What if one day, farmers can work on their smartphones, without having to go to the farms?
Tech farmers created the “field sensor” to collect big data of agriculture. In the future, farmers will know exactly when to fertilize their crops and no longer have to work in bad weather.
On December 15, the Maker Gathering organized by vMaker was held at PunPlace. Open Hack Farm founder Xingyan Chen (陳幸延) and his team engineer Mengxun Yu (余孟勳) were invited to talk about “Open Agriculture: Innovation of Local Tech Farmers,” how they use maker equipment and the concept of open source to create a new image for agriculture when technology meets farming.
The biggest problem in Taiwan’s agriculture: information discrepancies
Chen moved to Yilan and started his agriculture career in 2014. As an IT major, he tried to simplify farming work, solve farming problems and develop farming equipment himself. Most agricultural equipment comes from either Japan or USA, and costs too much to maintain for individual farmers. Chen wants to do something about it.
For two years, Chen has been making affordable lawn mowers, field sensors, portable weather boxes, and even image developer for rice hullers. During the process he began to realize that, making farming tools doesn’t solve the real problem, which is Taiwan’s lack of technology information in agriculture.
There has never been a big data analysis on crops to help farmers make decisions. For example, shading rate, pH value of rainfall, and natural disasters. There is also a lack of an open database which provides information on optimal growth temperature, humidity and soil quality. “There just aren’t enough teachers or information sources for farmers!” Said Chen.
Open Agriculture is inspired by Open Source Ecology
In 2017, Chen was inspired by Open Source Ecology and hence founded the Open Hack Farm, to spread the spirit of open source and try to solve the problem of information discrepancies.
It’s like a maker lab for farmers. The team developed the field sensor and the weather box to detect and collect weather reports, soil temperature and humidity, and monitors them 24 hours a day to store data for agricultural use. They are also building an open database to share data of weather stations and crop growth.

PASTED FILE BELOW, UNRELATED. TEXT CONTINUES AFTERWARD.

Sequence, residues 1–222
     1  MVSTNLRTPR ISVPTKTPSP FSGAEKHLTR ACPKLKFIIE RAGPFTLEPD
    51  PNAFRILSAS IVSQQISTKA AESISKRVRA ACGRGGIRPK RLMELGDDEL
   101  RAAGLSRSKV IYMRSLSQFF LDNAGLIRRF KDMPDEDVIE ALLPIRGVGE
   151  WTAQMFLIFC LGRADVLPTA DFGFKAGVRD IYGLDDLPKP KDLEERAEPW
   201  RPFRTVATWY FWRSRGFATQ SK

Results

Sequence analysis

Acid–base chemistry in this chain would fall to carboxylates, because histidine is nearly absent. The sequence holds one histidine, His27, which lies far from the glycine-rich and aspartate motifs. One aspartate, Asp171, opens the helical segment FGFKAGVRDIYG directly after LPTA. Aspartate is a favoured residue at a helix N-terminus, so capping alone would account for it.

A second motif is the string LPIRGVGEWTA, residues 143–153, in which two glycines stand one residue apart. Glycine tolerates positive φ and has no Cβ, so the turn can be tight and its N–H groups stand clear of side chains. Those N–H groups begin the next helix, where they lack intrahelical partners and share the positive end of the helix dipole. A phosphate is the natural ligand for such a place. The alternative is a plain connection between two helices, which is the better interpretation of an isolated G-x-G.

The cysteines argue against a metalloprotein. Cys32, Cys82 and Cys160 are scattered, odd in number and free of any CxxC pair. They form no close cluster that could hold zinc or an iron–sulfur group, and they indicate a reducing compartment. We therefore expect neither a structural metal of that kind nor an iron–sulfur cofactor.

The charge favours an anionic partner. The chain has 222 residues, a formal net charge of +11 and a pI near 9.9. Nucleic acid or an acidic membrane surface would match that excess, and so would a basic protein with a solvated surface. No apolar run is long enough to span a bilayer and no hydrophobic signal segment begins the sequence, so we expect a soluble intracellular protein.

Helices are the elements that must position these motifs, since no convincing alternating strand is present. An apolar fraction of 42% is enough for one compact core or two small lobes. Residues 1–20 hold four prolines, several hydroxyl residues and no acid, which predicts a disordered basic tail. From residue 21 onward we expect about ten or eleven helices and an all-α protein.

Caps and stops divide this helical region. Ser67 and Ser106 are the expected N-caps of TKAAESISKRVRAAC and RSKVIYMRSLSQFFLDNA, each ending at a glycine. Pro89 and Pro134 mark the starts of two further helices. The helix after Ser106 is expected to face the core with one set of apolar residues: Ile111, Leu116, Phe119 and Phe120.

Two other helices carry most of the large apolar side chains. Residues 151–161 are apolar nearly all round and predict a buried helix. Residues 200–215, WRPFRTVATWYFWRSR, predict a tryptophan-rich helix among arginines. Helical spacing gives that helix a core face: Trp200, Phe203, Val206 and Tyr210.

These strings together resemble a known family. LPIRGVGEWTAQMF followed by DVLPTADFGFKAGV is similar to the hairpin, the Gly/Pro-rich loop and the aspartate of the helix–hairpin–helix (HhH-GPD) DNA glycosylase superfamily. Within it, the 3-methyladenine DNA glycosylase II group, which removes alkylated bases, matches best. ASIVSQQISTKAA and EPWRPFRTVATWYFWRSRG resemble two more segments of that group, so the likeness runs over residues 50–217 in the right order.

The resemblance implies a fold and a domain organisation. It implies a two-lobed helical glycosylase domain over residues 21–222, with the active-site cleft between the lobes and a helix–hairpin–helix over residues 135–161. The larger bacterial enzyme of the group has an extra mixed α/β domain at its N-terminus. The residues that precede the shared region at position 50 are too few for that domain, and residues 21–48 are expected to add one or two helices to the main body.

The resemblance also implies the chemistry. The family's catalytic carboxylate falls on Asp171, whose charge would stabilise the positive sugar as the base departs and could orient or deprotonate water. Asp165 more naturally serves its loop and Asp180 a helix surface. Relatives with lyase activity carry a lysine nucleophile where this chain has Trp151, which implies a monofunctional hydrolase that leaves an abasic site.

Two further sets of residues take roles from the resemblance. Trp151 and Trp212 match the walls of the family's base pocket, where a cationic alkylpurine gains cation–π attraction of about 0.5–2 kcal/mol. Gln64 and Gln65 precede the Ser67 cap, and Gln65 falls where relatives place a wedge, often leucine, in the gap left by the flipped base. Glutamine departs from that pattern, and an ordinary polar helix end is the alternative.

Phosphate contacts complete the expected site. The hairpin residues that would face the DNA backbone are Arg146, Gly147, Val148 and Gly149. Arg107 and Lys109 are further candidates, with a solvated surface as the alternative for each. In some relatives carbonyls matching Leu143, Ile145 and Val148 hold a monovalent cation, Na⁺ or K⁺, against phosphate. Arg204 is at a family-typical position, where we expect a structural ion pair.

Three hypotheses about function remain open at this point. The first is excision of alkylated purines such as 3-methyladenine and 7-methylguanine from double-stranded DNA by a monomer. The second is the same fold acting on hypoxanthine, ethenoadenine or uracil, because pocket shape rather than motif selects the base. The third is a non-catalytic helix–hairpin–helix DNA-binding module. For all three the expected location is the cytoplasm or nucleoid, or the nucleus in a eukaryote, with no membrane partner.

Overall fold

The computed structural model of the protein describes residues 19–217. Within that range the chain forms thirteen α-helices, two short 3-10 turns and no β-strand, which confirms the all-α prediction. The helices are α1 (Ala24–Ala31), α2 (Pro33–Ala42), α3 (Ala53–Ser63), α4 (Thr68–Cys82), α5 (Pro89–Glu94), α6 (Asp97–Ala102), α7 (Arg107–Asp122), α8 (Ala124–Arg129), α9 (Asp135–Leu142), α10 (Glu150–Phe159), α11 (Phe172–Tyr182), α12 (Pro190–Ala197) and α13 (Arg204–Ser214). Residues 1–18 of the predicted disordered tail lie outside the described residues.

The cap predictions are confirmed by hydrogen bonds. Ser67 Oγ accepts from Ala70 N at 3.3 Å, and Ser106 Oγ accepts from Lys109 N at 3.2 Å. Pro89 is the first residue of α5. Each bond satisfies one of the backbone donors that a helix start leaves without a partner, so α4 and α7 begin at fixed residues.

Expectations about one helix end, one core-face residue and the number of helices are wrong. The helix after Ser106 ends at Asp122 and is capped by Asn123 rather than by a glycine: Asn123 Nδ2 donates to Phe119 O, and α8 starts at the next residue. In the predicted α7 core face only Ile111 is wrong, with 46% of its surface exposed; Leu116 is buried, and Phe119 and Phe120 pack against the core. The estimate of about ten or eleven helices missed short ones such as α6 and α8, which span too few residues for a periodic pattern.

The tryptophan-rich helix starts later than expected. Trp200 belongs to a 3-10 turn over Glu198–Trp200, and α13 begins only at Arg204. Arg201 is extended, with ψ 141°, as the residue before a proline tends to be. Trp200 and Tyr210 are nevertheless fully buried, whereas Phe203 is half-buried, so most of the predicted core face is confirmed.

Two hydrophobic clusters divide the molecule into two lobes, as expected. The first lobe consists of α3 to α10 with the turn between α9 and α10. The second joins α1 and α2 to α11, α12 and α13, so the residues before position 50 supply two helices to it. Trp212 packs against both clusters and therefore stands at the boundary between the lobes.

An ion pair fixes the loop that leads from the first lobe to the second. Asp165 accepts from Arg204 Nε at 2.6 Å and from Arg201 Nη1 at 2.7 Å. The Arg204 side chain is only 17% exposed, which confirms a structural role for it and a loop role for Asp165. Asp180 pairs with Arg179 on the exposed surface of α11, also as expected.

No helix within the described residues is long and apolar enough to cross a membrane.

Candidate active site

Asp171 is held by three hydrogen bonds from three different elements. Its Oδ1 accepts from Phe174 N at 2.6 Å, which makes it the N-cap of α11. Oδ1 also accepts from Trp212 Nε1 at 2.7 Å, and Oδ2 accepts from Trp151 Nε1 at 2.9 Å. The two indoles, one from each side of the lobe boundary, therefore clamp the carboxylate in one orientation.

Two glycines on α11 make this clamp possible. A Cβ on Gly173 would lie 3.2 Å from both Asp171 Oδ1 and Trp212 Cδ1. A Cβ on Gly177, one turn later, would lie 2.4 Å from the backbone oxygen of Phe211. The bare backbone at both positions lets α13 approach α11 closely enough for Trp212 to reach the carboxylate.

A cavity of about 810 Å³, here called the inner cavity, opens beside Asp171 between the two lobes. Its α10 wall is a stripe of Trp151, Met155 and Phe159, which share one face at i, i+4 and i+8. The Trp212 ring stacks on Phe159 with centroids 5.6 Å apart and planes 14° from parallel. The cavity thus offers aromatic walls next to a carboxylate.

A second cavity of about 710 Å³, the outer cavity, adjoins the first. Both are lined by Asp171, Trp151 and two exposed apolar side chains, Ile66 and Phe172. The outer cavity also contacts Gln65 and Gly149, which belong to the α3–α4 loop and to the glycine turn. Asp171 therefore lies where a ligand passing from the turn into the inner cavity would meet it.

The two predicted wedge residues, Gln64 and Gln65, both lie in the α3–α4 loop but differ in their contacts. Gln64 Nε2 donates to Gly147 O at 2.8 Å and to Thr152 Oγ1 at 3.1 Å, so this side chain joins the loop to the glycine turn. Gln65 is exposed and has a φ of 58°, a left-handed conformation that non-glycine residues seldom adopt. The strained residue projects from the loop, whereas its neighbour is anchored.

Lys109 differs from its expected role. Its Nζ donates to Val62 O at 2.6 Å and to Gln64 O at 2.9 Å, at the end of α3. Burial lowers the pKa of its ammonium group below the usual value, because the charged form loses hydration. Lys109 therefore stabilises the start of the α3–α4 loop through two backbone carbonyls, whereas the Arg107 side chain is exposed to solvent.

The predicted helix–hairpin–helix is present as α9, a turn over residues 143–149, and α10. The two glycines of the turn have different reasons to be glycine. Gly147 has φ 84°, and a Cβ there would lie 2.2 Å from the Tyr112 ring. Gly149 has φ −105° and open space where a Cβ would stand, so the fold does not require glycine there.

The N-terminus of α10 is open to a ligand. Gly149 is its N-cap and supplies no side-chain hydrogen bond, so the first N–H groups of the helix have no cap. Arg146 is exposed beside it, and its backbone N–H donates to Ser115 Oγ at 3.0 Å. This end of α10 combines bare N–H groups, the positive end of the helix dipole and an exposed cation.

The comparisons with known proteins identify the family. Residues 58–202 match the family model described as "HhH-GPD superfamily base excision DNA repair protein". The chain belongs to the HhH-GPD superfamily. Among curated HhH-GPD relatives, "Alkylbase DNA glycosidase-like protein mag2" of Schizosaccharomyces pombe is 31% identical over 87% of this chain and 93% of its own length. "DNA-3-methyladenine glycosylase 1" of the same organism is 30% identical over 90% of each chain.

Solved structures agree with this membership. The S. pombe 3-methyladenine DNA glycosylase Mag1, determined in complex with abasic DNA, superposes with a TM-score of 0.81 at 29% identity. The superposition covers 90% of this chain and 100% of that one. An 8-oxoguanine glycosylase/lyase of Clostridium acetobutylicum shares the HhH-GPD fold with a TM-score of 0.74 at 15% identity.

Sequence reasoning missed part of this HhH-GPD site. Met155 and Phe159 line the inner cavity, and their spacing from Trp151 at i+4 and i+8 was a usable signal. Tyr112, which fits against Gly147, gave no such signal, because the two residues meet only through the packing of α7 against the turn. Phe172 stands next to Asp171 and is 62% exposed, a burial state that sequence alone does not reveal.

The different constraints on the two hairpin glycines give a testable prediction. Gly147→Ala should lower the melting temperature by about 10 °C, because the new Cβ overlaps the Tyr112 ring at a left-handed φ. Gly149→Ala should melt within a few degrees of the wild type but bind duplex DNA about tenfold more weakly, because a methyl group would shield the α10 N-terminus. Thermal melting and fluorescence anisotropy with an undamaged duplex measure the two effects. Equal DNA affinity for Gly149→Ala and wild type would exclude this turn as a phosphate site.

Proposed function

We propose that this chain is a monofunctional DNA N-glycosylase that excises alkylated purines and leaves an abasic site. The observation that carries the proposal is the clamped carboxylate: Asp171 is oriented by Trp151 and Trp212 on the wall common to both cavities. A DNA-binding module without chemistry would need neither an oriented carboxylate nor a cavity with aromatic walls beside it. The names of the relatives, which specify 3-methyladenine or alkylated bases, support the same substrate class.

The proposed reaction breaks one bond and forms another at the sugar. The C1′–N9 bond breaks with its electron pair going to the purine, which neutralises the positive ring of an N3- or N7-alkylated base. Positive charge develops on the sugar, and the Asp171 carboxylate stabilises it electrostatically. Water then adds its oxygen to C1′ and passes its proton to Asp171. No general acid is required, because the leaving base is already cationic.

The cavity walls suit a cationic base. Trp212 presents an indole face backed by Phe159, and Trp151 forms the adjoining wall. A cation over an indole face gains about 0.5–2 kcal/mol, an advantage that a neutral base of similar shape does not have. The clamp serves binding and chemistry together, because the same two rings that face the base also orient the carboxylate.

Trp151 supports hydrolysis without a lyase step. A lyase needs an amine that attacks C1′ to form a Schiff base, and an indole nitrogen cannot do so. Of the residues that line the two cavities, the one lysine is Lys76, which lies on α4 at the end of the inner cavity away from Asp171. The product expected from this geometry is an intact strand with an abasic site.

Xingyan Chen at the Open Hack Farm Yilan Base. Via the Open Hack Farm Facebook Page.
The field sensor is developed with arduino, but engineer Mengxun Yu and his team created their own PCB, Agrino. It consists of 3 chips: Main Board, Weather Board and LPWAN Board, is solar powered, receives information on sunlight, solar radiation, atmospheric temperature and humidity, wind speed, wind direction, and rainfall. The data is then sent back to the database server instantly or in batches using LPWAN (Low Power Wide Area Network), to reduce costs and power the cheap and easy way. The device is being tested at the moment, and is estimated to complete the data integration by the end of the year, when its source code will be open to the public.
Besides the field sensor, the equipment at the base are completely open as well. They include farming tools, seedling equipment, and seed storehouse. This is also a consulting place for individual farmers and young farmers, which makes becoming a farmer a lot easier. With the contribution of all the farmers, massive agricultural knowledge can be acquired and turned into an open agricultural laboratory for everybody.
Agricultural technology won’t replace jobs
However, for traditional farmers, they don’t fully agree with this, for fear of being replaced by technology. Chen stressed: “Technology is but a tool, to help farmers solve their problems, not replace their jobs.” On the future of Open Hack Farm, they already made a plan for 2018, which consists of 3 main goals: Precise agriculture, circular agriculture and low carbon agriculture. As for Taiwan’s overall agriculture, they are doing their best to turn its situation around, and give it the best care possible.